The thing is that it happened so fast that we didn't have time to think or do anything - if I had been alone I don't think I could even have dialed the phone and spoken to an operator. By the time I sat down and said "I need help" and he ran in the room with gatorade, I was below 50 and 5 minutes later at 28. The whole thing was over and done in a matter of minutes. I could have gone to the ER or called 911 (and almost did) after but it was slowly but surely edging upward.
When he called the on call doc I was already at 130 and I was still drinking gatorade. You can bet if I had started to drop again, we would have called 911 in a heartbeat. You know I always run through these what if scenarios in my head but then when it's happening so fast it just all goes out the window.
Glucagon isn't glucose. It causes the liver to take stored glycogen and turn it into glucose.
If the liver has no stored glycogen (maybe due to a series of earlier hypos where the liver did the conversion without glucagon injections) it won't work so well.
I've had glucagon once. I was in the low 40's and unconscious when they gave it to me, and shortly after I came to I was at about 90. Then about two hours after that the super-nausea kicked in. I'm told that's a rarely mentioned, but no so rare, side effect. And a few hours after that I was in the 200's.
Just talked to my endo. He of course said that we'll probably never know exactly what happened. The first question he asked was about the possibility of mixing up the two insulins but I'm certain on that one. The second thing he said was that if you contaminate the lantus with humalog by even inserting a syringe used with humalog into the lantus vial, then the lantus begins to act like short acting insulin. I don't think I did this but who knows...I keep a separate supply of syringes with each vial because I know not to mix them but sometimes life gets distracting so never say never. Good thing is that I discarded that vial. Another good lesson here too for not reusing syringes.
He also said it may not have had anything to do with the Lantus dose itself but the timing. He said that I could have been heading into a low anyway and the Lantus dose taken at that time just sped it up basically. This is possible because I'm sort of between 2 Lantus doses thanks to syringe 1/2 units - a little high with one dose but drifting slightly on lower side all day with next higher dose. Yesterday I was drifting down all day but controlling it with a few jelly beans. When I got home I ate a few more jelly beans then took my Lantus dose but had not eaten dinner yet. Not the smart thing to do I guess.
Bottom line is he told me to back off on my I:C ratio for lunch at least for a few days and cut my Lantus dose back by 2 units for a few days and to eat dinner before I take my Lantus for a few days. Eat carbs and let it run a lttle higher for a few days. Then proceed with the OmniPod! Basically everything the smart people here advised before he got around to calling me! :) Thanks guys, you're all awesome.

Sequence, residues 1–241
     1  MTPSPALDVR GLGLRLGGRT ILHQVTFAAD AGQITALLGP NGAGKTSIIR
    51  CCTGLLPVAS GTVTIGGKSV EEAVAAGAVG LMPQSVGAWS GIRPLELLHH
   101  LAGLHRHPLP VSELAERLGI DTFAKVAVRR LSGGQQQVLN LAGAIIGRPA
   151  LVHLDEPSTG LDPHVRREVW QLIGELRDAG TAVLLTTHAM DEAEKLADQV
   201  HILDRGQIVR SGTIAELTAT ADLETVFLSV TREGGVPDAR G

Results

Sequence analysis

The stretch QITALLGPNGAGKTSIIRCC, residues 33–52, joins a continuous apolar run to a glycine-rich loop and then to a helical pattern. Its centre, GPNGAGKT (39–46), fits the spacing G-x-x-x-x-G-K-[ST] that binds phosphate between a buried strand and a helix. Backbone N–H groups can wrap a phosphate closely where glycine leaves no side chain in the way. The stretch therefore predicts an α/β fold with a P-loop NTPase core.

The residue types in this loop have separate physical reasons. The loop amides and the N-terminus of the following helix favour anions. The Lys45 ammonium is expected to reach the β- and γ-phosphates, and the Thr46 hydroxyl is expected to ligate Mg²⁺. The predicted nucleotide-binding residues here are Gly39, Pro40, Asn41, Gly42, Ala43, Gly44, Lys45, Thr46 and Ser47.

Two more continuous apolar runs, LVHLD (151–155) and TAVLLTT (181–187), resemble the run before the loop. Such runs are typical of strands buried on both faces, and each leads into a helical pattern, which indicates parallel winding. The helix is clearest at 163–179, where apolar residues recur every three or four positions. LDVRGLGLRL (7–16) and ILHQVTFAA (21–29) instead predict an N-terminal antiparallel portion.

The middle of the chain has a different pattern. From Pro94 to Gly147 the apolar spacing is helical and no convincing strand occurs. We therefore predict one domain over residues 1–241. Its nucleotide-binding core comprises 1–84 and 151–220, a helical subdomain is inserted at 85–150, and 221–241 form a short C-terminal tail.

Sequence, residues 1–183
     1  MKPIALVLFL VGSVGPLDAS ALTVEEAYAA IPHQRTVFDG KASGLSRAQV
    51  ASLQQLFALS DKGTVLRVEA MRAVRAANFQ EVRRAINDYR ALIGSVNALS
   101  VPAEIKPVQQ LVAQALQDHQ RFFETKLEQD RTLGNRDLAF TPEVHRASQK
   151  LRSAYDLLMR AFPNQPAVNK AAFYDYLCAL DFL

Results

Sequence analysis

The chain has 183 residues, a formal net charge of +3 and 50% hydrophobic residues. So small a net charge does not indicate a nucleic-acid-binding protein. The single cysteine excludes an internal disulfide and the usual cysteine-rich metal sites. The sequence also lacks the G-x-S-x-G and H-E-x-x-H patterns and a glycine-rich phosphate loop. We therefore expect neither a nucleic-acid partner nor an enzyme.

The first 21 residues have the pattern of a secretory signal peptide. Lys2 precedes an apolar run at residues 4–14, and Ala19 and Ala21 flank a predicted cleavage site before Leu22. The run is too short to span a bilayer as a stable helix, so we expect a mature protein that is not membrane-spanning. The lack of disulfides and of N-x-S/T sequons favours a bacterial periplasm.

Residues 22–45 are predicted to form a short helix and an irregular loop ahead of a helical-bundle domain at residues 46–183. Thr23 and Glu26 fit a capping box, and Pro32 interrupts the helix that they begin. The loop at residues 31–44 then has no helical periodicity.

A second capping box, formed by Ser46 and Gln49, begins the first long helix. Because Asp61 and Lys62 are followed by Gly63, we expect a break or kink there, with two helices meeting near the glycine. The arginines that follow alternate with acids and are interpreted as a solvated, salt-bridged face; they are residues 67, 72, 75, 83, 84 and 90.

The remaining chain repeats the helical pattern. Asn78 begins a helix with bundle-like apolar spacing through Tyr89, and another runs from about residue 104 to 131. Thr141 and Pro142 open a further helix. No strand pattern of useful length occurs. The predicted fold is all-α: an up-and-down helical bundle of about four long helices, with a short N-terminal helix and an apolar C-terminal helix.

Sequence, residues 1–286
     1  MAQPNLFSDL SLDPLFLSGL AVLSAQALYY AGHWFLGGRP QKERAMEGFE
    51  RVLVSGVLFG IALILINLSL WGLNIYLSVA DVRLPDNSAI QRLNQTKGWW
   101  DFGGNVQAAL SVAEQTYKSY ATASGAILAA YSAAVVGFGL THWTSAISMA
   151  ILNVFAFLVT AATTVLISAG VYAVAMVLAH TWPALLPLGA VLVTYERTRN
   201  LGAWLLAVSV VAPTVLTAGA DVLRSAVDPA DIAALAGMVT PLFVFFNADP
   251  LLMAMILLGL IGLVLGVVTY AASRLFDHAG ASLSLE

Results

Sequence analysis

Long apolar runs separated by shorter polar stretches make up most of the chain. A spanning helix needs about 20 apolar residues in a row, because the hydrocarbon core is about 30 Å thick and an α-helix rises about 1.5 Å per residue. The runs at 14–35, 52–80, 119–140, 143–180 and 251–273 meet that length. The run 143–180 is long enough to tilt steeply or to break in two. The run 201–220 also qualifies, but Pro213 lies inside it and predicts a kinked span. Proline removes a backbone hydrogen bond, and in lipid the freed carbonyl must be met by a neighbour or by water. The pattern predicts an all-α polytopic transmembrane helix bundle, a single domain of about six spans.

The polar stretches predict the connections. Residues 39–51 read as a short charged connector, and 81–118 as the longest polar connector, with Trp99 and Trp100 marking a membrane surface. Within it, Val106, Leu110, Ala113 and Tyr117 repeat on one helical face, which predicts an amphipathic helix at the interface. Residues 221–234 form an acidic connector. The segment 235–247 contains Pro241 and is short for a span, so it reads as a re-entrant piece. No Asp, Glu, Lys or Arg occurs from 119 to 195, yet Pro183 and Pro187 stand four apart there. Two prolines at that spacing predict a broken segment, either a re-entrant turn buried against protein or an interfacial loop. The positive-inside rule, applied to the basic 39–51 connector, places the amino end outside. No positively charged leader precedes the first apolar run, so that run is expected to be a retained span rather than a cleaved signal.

Thanks for sharing that Tim. This helps me alot because I always thought that glucagon would make you go really high really fast - no idea where I got that idea from. Once I had the glucagon it started to slowly rise within minutes and it topped out about 117 for about an hour but it would dip a little here and there and I was so nervous that it was going to fall fast again. Lesson learned. If I had a do-over I'd go to the ER once it got to 100.
I've had glucagon twice - once in the hospital after surgery and I had severe nausea with that shot, made me feel horrible so I know what you mean. This time I really didn't have nausea, thankfully..
glad you made it through. I've never used the glucagon kit yet on my son but went through a similar thing with my dad. He didnt have the kit for emergencys but used glucos gel. Took 5 hours to get him up and stead kept going down. Seems there is so many varieables with each person that can play into the up and down sugars. My son is on Lantus to and hasn't wanted to take it at night but I've been incouraging him to because he was in DKA in Sept and has had alot of problems since so I'm trying to help him get rid of the keytones. The world of diabetes seems to be growing. Scary. Glad you are ok now and I hope you dont go through that again. Have a blessed day.
Thank you angelic1. Best wishes to your son as well. And you are an angel for encouraging him to take care of himself.
yeah..again, I'M just SO GLAD you're OK...!
well, that's the thing, isn't it...it happened so fast. I truly believe any type 1 diabetic who wants a CGM should get one, insurance should pay (most of them do)..and the Endo should Rx one! I mean, it's just a tool, but it's the only tool we have really that will monitor us 24/7, even that isn't 100% but it's better than nothing.
You're lucky you weren't sleeping when this happened. I took my Lantus shot of 20 units one night, or so I thought, got very tired and lay down on the couch and fell asleep. I woke up in the ER at the hospital. When I fell off the couch I woke my husband, who was upstairs sleeping in the bedroom. When he came downstairs to see what was happening, I stopped breathing and gave him a good scare. He called 911. When I came to the nurse told me I was lucky to be alive. I came to the conclusion that I must have taken 20 units of Humalog. After that I made sure I put the two insulins in separate areas in the kitchen.